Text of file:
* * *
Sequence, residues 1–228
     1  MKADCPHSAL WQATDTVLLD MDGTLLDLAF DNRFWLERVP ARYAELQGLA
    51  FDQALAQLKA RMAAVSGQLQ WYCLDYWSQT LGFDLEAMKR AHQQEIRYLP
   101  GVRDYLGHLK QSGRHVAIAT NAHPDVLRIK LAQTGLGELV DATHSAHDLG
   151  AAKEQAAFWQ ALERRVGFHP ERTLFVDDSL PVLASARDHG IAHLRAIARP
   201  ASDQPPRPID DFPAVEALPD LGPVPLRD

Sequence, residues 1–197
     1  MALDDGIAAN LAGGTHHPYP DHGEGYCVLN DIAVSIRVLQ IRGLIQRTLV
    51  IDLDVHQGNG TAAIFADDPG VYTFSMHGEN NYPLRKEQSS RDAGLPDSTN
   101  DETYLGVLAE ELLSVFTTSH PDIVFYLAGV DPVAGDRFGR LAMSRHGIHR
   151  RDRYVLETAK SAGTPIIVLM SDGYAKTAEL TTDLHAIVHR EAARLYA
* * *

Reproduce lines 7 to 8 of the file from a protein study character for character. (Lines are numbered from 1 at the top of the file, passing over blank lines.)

Sequence, residues 1–197
     1  MALDDGIAAN LAGGTHHPYP DHGEGYCVLN DIAVSIRVLQ IRGLIQRTLV